MediaWatch: October 1990

Vol. Four No. 10

Janet Cooke Award: Time: Rewriting History

With the worldwide collapse of communism, we had hoped that rewriting history would soon become a thing of the past. But leave it to Time magazine -- once again a Janet Cooke Award recipient -- to quash that hope. It was clear when Time made Mikhail Gorbachev "Man of the Decade" that the magazine's sympathies for communist leaders were quite profound, but few envisioned an October 1 tribute to Polish communist leader Wojciech Jaruzelski titled "The Man Who Did His Duty."

Central Europe correspondent John Borrell crafted a picture of a Polish nationalist savior, not a totalitarian. He asked: "Was he a Moscow stooge back in 1981 or a Polish patriot making an unpopular move to prevent the bloodbath of a Soviet invasion? Was he as pivotal a political player during the 1980s as trade-union leader Lech Walesa, or was his just a walk-on part that will quickly fade in memory?"

Borrell's answer: "It seems likely that historians will judge him more kindly than many of his contemporaries do. He may even find his way into Poland's pantheon of 20th century heroes, joining Walesa and Josef Pilsudski as men who marched briskly to the tattoo of their times." Borrell justified Jaruzelski's crackdown: "Much of the judgment will rest on what actually happened in late 1981, when spreading unrest had made Poland almost ungovernable. Brezhnev was in power in Moscow, and the doctrine he had formulated allowed the Soviet Union to intervene militarily... "

Borrell claimed Jaruzelski fled to Lithuania when the Nazis attacked Poland, and that he was deported to Siberia for three years of forced labor before being recruited into Stalin's "Polish" army. Borrell concluded: "Having lived through a nightmare, he went to some lengths to spare others....His 1981 crackdown did not lead to witch hunts or secret trials, as the 1956 invasion did in Hungary. There was none of the petty vindictiveness of Czechoslovakia's Soviet-backed communist clique."

But Slawomir Gorecki of Tygodnik Solidarnosc (Solidarity Weekly) told MediaWatch that Jaruzelski did not suffer the hardships Borrell wrote about. Jaruzelski never served in a Siberian labor camp. In fact, he spent many years as a political officer in the Soviet army. As a member of the Polish communist party politburo he oversaw the brutal suppression of the 1956 and 1970 uprisings which caused numerous deaths.

Gorecki characterized Jaruzelski's reign as brutal. Hundreds died in the first weeks of martial law. Thousands of Solidarity activists were detained in the first months. Thousands more were forced underground for a decade. Gorecki estimates 700,000 passed through Polish prisons from 1981-1989, including Adam Michnik and Zbigniew Bujak. The 1984 murder of Father Jerzy Popieluszko is further testament to the bloody side of the regime. He was beaten to death and dumped in a river by the secret police.

Borrell portrayed Jaruzelski as a popular figure and player in recent reform: "Vilified then as the man who imposed martial law in 1981 and outlawed the Solidarity trade-union movement, Jaruzelski gazed calmly from the sidelines last year as the revolt against communism gathered steam. He acknowledged Solidarity's election victory in June, and then won, with just a single ballot to spare, a parliamentary vote for a six-year presidential term." Actually, the General only begrudgingly agreed to elections. Even then he guaranteed the communists and their collaborators two-thirds of the Sejm, the lower house, so he could be appointed President.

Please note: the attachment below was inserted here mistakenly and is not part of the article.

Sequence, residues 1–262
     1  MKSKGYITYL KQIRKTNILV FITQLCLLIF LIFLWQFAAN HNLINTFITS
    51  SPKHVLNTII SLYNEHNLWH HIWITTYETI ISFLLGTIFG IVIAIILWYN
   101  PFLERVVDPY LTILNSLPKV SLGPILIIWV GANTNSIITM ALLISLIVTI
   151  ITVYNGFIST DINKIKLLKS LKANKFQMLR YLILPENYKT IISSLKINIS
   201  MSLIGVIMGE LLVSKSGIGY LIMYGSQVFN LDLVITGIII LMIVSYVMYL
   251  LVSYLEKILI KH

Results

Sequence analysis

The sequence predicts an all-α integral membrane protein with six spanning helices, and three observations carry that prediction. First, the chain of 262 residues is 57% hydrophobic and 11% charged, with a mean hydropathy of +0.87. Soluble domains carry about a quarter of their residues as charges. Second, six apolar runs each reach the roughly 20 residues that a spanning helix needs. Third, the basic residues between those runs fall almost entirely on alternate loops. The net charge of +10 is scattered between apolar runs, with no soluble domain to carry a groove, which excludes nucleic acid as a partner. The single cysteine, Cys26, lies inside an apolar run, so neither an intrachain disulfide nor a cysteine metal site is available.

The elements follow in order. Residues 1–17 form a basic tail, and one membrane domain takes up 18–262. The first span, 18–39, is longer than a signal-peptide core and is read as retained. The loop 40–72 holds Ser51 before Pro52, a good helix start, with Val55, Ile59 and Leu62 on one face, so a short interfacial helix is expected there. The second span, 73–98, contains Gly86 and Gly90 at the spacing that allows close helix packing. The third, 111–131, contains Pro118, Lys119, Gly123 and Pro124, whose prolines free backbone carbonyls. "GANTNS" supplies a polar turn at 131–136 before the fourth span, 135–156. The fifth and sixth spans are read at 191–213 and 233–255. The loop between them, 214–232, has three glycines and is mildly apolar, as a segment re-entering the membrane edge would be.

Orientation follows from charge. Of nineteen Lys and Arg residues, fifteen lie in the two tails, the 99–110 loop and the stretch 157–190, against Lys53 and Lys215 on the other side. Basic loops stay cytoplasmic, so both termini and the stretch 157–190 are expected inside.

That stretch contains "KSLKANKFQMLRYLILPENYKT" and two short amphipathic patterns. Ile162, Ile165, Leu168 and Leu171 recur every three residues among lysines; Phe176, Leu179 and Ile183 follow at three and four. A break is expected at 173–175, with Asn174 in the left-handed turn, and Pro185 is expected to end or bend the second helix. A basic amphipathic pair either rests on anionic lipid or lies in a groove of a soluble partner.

Further misleading readers, Borrell asserted: "Jaruzelski seems to view himself as someone shaped by history, a proud vision borne out by one of his last acts in office. Instead of simply stepping down, he asked Parliament last week to introduce a constitutional amendment shortening his six-year term of office. This way he can leave not as the leader who resigned under pressure but as the President whose term was reduced by an act of Parliament." Jaruzelski didn't plan to step down until populists, led by Lech Walesa, demanded removal of all communists still in government.

Reached in Vienna, Borrell denied the crackdown should be associated with witch hunts and secret trials: "I certainly don't think you can say, compared to Hungary in '56 and Czechoslovakia in '68, that this was brutal repression....On a Richter scale of East European repression in the communist era, it wasn't as bad as others."

He admitted "large numbers of Poles are not terribly well- disposed to Jaruzelski." So why let the opposite theme go unchallenged? "History will judge Jaruzelski probably a little more kindly than he's judged today," he concluded, "and that was the purpose of it. It's not to say that he's a wonderful guy. It's not to say that he couldn't have done something differently during the 1980s. But it is simply to say that he may not be as bad as many people, particularly Poles, have thought....I don't suspect that I've pleased a lot of Polish people. But I don't really see it as my job to necessarily accept a consensus to be correct."